Food & Drink
How to Make the Most Expensive Sandwich in the World
The bread is baked with Dom Perignon.
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In a column called "How We Are Ruining America," the New York Times's David Brooks wrote about the considerable barriers to social and economic mobility that are plaguing this country. But all anyone seemed to notice was one unfortunate anecdote, in which Brooks recounted taking a friend with "only a high school degree" to a gourmet sandwich shop, where he fretted that the "cultural signifiers" of "sandwiches named 'Padrino' and 'Pomodoro' and ingredients like soppressata, capicollo, and a striata baguette" had made her uncomfortable.

The two moved on to an apparently less offputting Mexican restaurant, but just in case Brooks decides to take another educationally-challenged friend out for lunch, may we suggest he avoid Serendipity 3 in New York City? According to the Guinness World Records, it serves the most expensive sandwich in the world. Here, the restaurant's creative chef, Joe Calderone, shows how the Quintessential Grilled Cheese is prepared.

Bread: French pullman loaf baked with Dom Perignon champagne that features edible 23K gold flakes

Coating: Grass-fed white truffle butter with gold flakes

Cheese: Thick slices of Caciocavallo Podolico, which is made by the Podolica cattle in Southern Italy. Only 25,000 of these cattle remain, and they graze on aromatic grasses like licorice, fennel, juniper, and wild strawberry that give the cave-aged cheese its sweet aroma.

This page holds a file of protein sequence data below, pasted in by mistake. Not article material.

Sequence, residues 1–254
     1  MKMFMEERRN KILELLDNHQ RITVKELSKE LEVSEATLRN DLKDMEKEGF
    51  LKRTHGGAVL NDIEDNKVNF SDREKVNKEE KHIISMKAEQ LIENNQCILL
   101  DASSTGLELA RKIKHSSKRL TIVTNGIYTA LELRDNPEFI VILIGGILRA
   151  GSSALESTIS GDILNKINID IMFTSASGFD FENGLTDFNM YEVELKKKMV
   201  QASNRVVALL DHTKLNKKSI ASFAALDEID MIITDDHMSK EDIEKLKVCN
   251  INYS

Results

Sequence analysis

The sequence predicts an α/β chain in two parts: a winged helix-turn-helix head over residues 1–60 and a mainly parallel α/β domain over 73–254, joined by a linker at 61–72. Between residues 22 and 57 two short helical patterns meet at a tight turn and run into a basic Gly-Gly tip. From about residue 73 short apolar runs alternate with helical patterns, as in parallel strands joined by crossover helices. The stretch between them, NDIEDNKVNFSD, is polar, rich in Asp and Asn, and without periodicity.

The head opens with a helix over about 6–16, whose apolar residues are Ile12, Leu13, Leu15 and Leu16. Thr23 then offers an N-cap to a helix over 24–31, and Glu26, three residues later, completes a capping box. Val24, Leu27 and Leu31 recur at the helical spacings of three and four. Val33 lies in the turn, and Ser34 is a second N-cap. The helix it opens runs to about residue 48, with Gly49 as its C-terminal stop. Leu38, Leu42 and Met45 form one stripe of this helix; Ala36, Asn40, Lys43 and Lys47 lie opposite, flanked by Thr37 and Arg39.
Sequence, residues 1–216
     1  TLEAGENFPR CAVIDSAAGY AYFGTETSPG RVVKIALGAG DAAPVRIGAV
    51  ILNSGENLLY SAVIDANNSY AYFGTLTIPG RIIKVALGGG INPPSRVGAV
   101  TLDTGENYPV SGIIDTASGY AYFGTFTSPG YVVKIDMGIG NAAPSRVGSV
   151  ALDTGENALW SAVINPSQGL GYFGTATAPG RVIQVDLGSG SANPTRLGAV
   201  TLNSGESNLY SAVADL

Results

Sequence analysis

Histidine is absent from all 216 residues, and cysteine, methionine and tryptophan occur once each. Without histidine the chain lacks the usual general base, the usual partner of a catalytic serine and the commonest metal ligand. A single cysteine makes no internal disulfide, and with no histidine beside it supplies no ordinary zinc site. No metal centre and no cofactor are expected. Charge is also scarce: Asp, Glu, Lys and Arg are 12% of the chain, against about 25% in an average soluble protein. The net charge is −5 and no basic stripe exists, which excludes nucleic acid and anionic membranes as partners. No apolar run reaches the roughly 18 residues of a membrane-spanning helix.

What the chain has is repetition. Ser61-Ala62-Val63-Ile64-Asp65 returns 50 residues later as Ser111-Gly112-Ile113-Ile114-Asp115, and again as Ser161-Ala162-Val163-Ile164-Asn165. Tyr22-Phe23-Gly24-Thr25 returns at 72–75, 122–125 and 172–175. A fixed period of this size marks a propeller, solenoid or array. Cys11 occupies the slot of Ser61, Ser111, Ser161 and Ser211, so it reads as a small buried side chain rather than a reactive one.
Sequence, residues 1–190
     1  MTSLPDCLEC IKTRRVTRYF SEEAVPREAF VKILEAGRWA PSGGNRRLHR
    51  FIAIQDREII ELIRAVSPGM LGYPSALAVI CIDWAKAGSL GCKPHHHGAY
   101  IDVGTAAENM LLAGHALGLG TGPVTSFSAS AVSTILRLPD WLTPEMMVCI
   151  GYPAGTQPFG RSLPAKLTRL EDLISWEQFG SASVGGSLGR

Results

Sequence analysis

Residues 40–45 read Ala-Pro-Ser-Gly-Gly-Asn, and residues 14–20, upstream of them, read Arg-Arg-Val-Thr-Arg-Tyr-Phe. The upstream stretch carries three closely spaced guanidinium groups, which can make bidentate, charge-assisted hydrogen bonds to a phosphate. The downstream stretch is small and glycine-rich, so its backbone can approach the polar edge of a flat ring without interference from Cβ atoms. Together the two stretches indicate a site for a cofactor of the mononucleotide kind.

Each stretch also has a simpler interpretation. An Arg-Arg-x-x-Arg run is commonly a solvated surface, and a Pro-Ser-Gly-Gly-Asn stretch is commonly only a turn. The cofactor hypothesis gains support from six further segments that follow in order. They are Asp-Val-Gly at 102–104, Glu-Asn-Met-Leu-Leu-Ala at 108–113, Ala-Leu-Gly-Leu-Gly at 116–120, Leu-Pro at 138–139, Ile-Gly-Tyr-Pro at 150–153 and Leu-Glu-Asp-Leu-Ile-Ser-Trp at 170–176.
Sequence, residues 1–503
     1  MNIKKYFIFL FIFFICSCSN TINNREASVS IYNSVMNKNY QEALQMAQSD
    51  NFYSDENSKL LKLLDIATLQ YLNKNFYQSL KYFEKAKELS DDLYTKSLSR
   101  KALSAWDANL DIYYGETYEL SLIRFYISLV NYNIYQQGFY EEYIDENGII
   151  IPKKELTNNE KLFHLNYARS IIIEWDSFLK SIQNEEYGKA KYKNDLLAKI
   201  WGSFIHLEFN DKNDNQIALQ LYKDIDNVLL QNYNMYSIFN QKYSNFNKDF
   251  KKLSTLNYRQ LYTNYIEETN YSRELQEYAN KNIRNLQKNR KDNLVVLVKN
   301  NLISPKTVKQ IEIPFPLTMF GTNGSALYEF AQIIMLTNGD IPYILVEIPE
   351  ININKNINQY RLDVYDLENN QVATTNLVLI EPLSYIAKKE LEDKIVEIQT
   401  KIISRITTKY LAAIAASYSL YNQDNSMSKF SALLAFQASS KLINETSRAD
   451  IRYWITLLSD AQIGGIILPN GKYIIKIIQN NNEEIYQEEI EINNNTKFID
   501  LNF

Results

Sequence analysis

Cooking Process: Grilled for three to four minutes on panini press

Side Dish: South African lobster-tail tomato bisque, served in a Baccarat crystal "Vega" glass

Plate: Baccarat crystal "Mille Nuits"

Price: $214

Advance Notice Required to Order: 48 hours


Inspiration: "We wanted to create something incredible for National Sandwich Day, and there is nothing more American than grilled cheese and tomato soup," Calderone says. "So we went on a quest to create the ultimate grilled cheese. We found this amazing, rare cheese and needed to pair it with a great 'white bread' so we played with recipes of French pullman bread and decided to give it a sophisticated twist by adding Dom Perignon champagne instead of water. We added 23K edible gold flecks to make it sparkle. So now we had the sandwich part. Of course, we couldn't dip this sandwich into tomato soup! We created a San Marzano tomato lobster bisque using South African lobster tails to dip the sandwich into. Hard work, lots of effort, and a little bit of serendipity and we had a winner!"

This story originally appeared on Townandcountrymag.com.
* Minor edits have been made by the Townandcountry.ph editors.

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